Cyprus could set a long-term target of reducing greenhouse gas emissions to -100% by the year 2050. In order to achieve this objective, targets for the use of renewable energy sources need to be set at least to 30% for the year 2030, 75% for the year 2040 and 100% for the year 2050. The time has come for all political parties, to agree on a comprehensive sustainable energy plan based on scientifically substantiated inter-party energy agreements. The final goal will be the transition of Cyprus from the current carbon economy to a hydrogen economy by the year 2050. Cyprus’ energy system will become smart and digitised, flexible, decentralised, electrically interconnected, and interconnected with pipelines and/or virtual natural gas and/or hydrogen pipelines, where the use of hydrogen in all energy sectors, renewable energy sources, storage energy systems, and electric mobility, will take place.
In addition, the countries of the Southeast Mediterranean region can become pioneers towards hydrogen economy and become exporters of sustainable energy to the European Union. This could be achieved by drawing up a regional long-term strategic plan with a horizon beyond 2050. The strategy will take into account, among other things (a) the connection of the Southeast Mediterranean countries with European countries through electricity interconnections, (b) the connection of the Southeast Mediterranean countries with European countries through natural gas pipelines and/or virtual natural gas pipelines, (c) the integration of sustainable energy technologies in all countries of the Southeast Mediterranean, (d) the use of hydrogen after 2030 produced from renewable energy sources and from natural gas reforming, (e) the export of electricity to European countries and (f) the export of hydrogen to European countries.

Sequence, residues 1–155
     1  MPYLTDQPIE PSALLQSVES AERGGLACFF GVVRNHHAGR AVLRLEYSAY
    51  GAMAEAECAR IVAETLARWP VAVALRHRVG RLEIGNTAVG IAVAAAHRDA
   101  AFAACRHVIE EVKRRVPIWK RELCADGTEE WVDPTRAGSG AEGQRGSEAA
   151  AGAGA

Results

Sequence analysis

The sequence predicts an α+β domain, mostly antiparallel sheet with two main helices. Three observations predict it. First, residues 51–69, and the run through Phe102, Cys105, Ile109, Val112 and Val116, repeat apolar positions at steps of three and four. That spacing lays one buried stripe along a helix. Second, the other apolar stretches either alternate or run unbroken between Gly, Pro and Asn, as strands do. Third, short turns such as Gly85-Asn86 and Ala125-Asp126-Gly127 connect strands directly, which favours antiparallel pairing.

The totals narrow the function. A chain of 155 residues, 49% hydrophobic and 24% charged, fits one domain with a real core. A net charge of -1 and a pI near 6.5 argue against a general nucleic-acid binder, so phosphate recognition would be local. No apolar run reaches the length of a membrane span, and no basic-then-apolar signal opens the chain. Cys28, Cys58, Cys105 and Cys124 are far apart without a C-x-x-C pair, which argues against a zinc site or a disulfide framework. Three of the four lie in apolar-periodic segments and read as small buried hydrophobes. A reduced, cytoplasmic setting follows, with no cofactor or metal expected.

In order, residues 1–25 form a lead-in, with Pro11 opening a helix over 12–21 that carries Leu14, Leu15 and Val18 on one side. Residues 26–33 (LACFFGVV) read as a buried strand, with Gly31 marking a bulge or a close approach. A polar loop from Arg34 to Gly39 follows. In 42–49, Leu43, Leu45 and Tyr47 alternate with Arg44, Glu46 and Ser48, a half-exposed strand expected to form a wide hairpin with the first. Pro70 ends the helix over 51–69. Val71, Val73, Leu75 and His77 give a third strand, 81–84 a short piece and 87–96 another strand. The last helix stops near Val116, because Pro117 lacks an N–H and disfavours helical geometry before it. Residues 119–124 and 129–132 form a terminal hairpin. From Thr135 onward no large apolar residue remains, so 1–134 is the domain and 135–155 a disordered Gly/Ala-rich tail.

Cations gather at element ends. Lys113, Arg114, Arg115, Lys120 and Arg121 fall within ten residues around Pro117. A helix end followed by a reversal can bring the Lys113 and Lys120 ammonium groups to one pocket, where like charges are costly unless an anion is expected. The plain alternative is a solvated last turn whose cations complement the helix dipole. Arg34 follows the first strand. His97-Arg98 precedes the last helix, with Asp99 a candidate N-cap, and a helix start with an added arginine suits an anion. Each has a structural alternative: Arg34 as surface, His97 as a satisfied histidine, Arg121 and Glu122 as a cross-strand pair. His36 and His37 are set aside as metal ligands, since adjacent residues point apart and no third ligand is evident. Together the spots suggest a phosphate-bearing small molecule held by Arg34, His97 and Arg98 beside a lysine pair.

In the long term, the successful implementation of all these actions will give Cyprus a competitive advantage that will lead our country to sustainable economic development.”
By Andrew Rosenbaum and Dr. Charles Ellinas
Source: Cyprus Mail